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Silicon Valley to Luxury Fashion: Focus on Humans, Not Algorithms

In a fully digitized world, how can we recreate the social contact we crave as humans? The chatbots and emails of e-commerce will never be a substitute for human interaction.

THE WORLD is on a crash course with digital technology.

New York couples are getting married on video. Governments and schools now operate on Zoom. Telemedicine has won over the medical community. In the words of one European innovator, the Covid-19 pandemic has forced the world to go “from 2020 to 2030 in one weekend.”

Predictions abound about how fast and how far the pandemic will accelerate the rush to digital – and this applies every bit as much to the world of luxury fashion. This rapid shift will force us to reflect more deeply on a related point that has received less attention so far: how we use these digital tools and what should we be saying? 

In a fully digitized world, how can we recreate the social contact we crave as humans? The chatbots and emails of e-commerce will never be a substitute for human interaction. As former SVP of retail at Apple and CEO of Burberry Angela Ahrendts said recently: “trust will become the greatest global currency.’ And the way brands talk to customers will be key to establishing that currency. This is where a unique opportunity resides: bringing together digital and human as we adapt to a medium where we are all remote but want to experience the trust of a more intimate connection. 

Research conducted by Edelman during this lockdown found that 77 percent of those surveyed want brands only to speak about products in ways that show they are aware of the crisis and the impact on people’s lives, and to focus on solutions, not selling. More than seven in ten said that they would lose trust in a brand forever if they perceived that a brand was putting profit before people. “Shopping now is as much a moral as a consumer question,’ according to The New York Times‘ fashion director Vanessa Friedman. “Where you spend your money matters.” 

Actions speak louder than words. Some of the leaders in luxury fashion have been at their best in the crisis, rapidly funneling resources into Covid-19 relief efforts for the medical community and employees. LVMH swiftly converted perfume factories to make hand sanitizer. Prada, Versace, Armani and Gucci are all donating to Italian hospitals or making gowns and masks, Ralph Lauren is donating $10 million. Hermes and Chanel were quick to commit to paying employees for several months without relying on government resources.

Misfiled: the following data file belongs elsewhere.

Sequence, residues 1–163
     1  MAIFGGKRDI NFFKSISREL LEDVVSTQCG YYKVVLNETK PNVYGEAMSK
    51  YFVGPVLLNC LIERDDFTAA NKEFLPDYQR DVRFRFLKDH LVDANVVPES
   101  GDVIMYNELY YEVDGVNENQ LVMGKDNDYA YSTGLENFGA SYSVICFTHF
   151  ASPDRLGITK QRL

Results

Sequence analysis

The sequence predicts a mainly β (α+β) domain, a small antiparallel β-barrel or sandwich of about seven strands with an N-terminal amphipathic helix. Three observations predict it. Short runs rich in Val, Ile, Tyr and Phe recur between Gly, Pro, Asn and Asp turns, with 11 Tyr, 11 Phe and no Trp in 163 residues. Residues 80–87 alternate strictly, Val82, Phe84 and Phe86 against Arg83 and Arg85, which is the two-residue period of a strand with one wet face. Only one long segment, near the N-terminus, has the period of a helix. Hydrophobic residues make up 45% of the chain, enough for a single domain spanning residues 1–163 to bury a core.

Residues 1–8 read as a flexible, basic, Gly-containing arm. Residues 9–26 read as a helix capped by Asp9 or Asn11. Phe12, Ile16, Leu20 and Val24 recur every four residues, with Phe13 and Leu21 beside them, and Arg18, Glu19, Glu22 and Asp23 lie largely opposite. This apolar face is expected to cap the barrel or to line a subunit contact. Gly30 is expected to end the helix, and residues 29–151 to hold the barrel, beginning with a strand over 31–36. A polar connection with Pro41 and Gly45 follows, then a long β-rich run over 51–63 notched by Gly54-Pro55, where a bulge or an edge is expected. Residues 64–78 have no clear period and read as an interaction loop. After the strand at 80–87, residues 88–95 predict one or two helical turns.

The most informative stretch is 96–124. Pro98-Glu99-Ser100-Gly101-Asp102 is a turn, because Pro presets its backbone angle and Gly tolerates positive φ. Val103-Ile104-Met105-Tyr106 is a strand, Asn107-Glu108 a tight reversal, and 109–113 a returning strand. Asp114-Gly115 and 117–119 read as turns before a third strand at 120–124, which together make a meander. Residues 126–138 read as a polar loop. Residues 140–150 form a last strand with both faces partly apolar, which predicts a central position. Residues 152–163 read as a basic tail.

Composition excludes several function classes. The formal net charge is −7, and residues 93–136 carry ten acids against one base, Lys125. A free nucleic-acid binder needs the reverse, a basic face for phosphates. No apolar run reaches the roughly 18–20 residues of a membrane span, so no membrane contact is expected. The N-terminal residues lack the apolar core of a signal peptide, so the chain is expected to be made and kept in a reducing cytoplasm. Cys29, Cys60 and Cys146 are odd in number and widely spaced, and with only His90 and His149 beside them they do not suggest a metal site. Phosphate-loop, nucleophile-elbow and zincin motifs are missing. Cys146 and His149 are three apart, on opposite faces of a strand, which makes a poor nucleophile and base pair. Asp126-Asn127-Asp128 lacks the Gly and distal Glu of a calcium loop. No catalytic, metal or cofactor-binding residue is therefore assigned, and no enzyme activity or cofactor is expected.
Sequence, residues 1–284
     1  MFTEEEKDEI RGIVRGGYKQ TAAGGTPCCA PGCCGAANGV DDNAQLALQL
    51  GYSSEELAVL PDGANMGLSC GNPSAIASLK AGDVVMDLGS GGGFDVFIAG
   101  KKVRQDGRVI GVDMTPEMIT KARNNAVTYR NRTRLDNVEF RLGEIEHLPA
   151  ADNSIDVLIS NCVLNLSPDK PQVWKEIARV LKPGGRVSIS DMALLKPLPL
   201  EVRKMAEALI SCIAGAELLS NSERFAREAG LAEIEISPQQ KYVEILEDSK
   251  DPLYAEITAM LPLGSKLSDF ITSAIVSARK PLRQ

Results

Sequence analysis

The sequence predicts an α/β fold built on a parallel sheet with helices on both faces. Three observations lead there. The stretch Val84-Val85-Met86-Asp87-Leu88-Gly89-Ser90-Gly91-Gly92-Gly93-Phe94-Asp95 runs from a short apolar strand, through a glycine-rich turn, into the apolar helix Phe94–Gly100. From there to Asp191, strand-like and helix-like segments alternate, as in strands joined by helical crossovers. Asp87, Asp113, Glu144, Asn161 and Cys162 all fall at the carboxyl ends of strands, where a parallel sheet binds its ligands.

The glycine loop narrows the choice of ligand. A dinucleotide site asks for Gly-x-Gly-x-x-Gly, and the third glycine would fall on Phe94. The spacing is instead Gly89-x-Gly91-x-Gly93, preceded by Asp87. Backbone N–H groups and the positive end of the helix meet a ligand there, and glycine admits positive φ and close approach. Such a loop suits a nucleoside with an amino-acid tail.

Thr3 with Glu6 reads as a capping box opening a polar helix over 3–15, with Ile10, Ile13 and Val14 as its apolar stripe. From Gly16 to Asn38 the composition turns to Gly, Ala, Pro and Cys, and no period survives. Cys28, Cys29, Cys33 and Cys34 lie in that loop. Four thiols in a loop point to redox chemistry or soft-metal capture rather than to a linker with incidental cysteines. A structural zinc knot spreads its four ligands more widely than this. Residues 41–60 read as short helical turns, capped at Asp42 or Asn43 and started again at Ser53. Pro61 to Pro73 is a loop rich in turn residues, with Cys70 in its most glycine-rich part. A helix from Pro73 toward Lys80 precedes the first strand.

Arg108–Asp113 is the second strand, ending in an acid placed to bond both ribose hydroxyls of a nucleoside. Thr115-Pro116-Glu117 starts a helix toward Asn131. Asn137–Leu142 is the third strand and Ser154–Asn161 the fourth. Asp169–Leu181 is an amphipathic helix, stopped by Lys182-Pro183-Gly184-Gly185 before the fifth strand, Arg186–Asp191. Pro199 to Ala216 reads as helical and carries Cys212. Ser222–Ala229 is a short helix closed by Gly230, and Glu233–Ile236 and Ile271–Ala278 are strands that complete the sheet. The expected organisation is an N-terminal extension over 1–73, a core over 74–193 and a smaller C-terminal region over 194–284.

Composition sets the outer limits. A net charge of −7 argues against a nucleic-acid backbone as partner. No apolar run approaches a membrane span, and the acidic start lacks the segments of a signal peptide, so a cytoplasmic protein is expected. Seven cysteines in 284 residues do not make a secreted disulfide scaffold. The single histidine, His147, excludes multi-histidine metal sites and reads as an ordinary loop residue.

The message: People matter.

In addition to getting the tone right, luxury brands need to embrace the conversational nature of digital tools that we are all using. This ensures an ongoing relationship with consumers, which is imperative as questions linger over whether stores can fully reopen. 

As stores – increasingly recognized as places of connection and community – remain shuttered, brands are contacting clients to ask how they are doing. Fashion brands such as Italy’s Elena Miro are getting their in-store personal stylists to help customers with online orders which can encourage e-commerce today and a return to the stores tomorrow. Luxury analysts including Bernstein’s Luca Solca point to a trend amid the pandemic of companies redeploying their retail teams to stay in personal touch with clients using messaging apps or by phone. CB Insights says “messaging tools connecting human experts and shoppers looking for advice are a way for brands to reduce uncertainty”

The outreach by luxury brands reflects how we are talking to each other during lockdown as we look for the most human way to connect when we are not physically together. HouseParty has been downloaded 50 million times in the past month, Zoom has seen daily participants skyrocket to 300 million, and Snap now has 229 million users, up 20 percent. Tech has been an enabler of proximity since the birth of social media, before likes and comments became the reserve currency. We extended our analog friendships to digital, as we moved from writing letters to digital chat. But now, the brands we want to hear from need to interact as friends, with knowledge, understanding and compassion. This is what can lift our day and win our hearts as consumers.

Former US surgeon general Vivek Murthy is urging us to see Covid-19 not as a social recession but “an opportunity to deeply appreciate the role and power that relationships have in our lives.” Murthy has written a book “Together” which looks at loneliness. He says relationships extend far beyond spouses and close friends – “to colleagues and even strangers in the community.”

It’s a moment of solidarity and our new ways to stay in touch are teaching us a lesson about age-old values. As Vogue editor Anna Wintour says, the future of fashion is changing right before our eyes. Let’s embrace her solicitation to “treat the emergency as a catalyst for change.” 

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